“See everything you’ve accomplished!”

When Jelena Milisav meets newly-arrived refugees with young children, her heart goes out to them. “I can’t feel their struggle, but I know my mom felt that.”

Just over 20 years ago, Jelena and her family came to Greensboro as Bosnian refugees fleeing the wars that followed the break-up of the former Yugoslavia. At the time, Jelena was a toddler and her older brother and sister were 4 and 7. Jelena was too young to remember much from those early years, but her mom has told her stories: “In the first few days, we ran out of food and it was really hard.” Jelena and her brother cried often, and her parents had to figure out how to take care of their children while also learning to survive in a new place.

Yet, the Milisavs found a community to help. “We had a really good Serbian community that brought food.” When Jelena now visits apartments like Glen Haven with large refugee populations, she is reminded of her family’s experience. “Where I lived, there was a whole bunch of Serbian people…I think it’s a great idea that when they resettle, they live in the same place because they can feel closer. If they need help, they’re just a knock away.”

The Serbian community did more than bring food—they helped her parents find employment. Her mom’s first job was at Replacements, Inc. “She actually got the job because there were so many other Serbian people that worked there…You know how you usually see English and then Spanish? At Replacements, it’s actually English and then Serbian.”

Like many refugees from Eastern Europe that began working at Replacements years ago, Jelena’s mom continues to work there today. Her picture hangs on a plaque with other employees who have stayed with the company for more than 20 years. Now, Jelena and her siblings work about 8-10 hours a week upfront in the Showroom. “Anytime I do a tour, I point her out on the wall, ‘Here’s my mom!’”

Jelena’s father works for a different employer, making kitchen appliances. “My dad has hearing problems and has a hearing aid. So when they did English class, I think it was harder for him to pick up.” Yet, Jelena is continuously surprised that he successfully navigates a predominately English-speaking city. Thinking about her family’s experience, she said, “I really think that if you put two foreign people together, and they don’t speak the same language, they will communicate the best way—better than you and me.”

Although she speaks English better, Jelena also speaks Serbian. “I think it’s really important to not lose the language.” She speaks Serbian with her parents, but she and her siblings speak English amongst themselves. Except for a few family members in Charlotte and Chicago, most of their family still lives in Bosnia. Jelena has been back to visit twice, once in the 8th grade and once in college. “The tickets are pretty pricey, so we don’t ever all go back at the same time. My sister and I will go. My mom went my herself a few times.” Her parents plan to go back this summer.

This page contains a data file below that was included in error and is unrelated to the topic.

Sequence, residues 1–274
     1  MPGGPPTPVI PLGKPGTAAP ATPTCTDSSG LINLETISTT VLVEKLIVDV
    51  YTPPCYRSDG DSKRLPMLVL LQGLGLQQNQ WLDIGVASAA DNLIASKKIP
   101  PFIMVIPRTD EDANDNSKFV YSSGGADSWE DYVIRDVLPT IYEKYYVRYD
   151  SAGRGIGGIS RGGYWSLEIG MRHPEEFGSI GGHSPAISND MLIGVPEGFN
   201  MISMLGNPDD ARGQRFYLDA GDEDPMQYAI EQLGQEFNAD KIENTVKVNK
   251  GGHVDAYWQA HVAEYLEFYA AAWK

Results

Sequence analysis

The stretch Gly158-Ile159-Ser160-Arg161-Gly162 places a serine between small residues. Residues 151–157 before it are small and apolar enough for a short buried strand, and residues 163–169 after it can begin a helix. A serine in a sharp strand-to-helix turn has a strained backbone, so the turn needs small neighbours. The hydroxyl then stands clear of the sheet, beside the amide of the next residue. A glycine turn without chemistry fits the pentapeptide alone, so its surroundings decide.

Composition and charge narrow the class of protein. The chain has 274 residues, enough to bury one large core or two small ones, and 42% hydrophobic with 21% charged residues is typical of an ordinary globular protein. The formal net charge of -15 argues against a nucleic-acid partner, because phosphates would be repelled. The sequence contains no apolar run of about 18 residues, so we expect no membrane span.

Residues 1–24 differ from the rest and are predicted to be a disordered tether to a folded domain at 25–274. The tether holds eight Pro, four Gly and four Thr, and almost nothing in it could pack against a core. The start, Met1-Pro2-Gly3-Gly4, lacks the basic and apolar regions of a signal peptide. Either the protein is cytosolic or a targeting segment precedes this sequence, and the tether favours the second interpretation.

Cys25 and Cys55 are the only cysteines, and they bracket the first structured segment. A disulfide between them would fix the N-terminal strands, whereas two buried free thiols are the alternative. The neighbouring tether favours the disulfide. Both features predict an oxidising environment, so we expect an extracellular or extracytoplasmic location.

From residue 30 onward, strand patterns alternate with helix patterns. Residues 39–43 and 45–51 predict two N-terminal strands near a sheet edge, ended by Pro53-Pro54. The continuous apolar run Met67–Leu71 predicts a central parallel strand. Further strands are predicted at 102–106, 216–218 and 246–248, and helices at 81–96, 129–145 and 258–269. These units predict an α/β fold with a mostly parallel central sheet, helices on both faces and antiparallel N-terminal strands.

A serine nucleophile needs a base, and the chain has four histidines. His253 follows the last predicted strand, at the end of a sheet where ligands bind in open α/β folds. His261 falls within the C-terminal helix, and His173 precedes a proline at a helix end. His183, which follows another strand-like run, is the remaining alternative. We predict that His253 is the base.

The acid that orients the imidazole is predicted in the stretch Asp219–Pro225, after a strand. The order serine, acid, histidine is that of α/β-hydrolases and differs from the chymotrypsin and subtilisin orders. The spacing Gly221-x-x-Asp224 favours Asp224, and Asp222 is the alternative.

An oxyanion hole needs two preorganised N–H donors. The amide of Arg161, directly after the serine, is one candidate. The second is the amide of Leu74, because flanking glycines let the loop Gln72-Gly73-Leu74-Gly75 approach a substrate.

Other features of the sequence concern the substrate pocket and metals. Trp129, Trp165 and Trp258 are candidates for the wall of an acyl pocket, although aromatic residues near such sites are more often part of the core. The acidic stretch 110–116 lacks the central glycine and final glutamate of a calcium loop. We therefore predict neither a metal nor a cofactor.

This year, Jelena graduated from University of North Carolina at Greensboro with a degree in Human Development and Family Studies. During her senior internship last spring, she worked with New Arrivals Institute. “When my supervisor was interviewing me, she was telling me how they had English classes. And I told her about how when my parents came, they took English classes there.” Later she met an employee at NAI who had actually helped her parents years before. During her internship at NAI, she realized that she wanted to apply for the AmeriCorps ACCESS program to work with refugees.

In October, she began her year as an Americorp ACCESS member at Church World Service Greensboro. “My family came as refugees through Lutheran Family Services. That’s why I feel like I have a real connection with refugees and immigrants.”

Jelena works with the employment program at CWS. Just as the Serbian community helped her parents find jobs years ago, she is now helping other refugees secure employment. Currently, she facilitates job class, but everyday looks different. “I’m helping people make resumes, going out in the field to see if people are hiring, or just taking a client to an interview.”

She loves helping people create resumes. “Many of the people coming don’t even know what a resume is.” Jelena always asks people to describe everything they have done. “For example, they might not think farming is something special, but on the application, it is. And it’s a really good accomplishment.” For her, helping to create resumes builds confidence. “Even if they think it is something little, it’s not.” She loves seeing their faces when they actually have the resume in their hands. “I’m like, ‘Yeah, see everything you’ve accomplished!’”


CWS Greensboro is so thankful for AmeriCorps members who bring their experiences, energy, and effort to our organization. AmeriCorps ACCESS members are integral to welcoming refugees to Greensboro. Please consider giving to CWS so that these important team members can continue helping newcomers understand the local culture, secure employment, and find friends!

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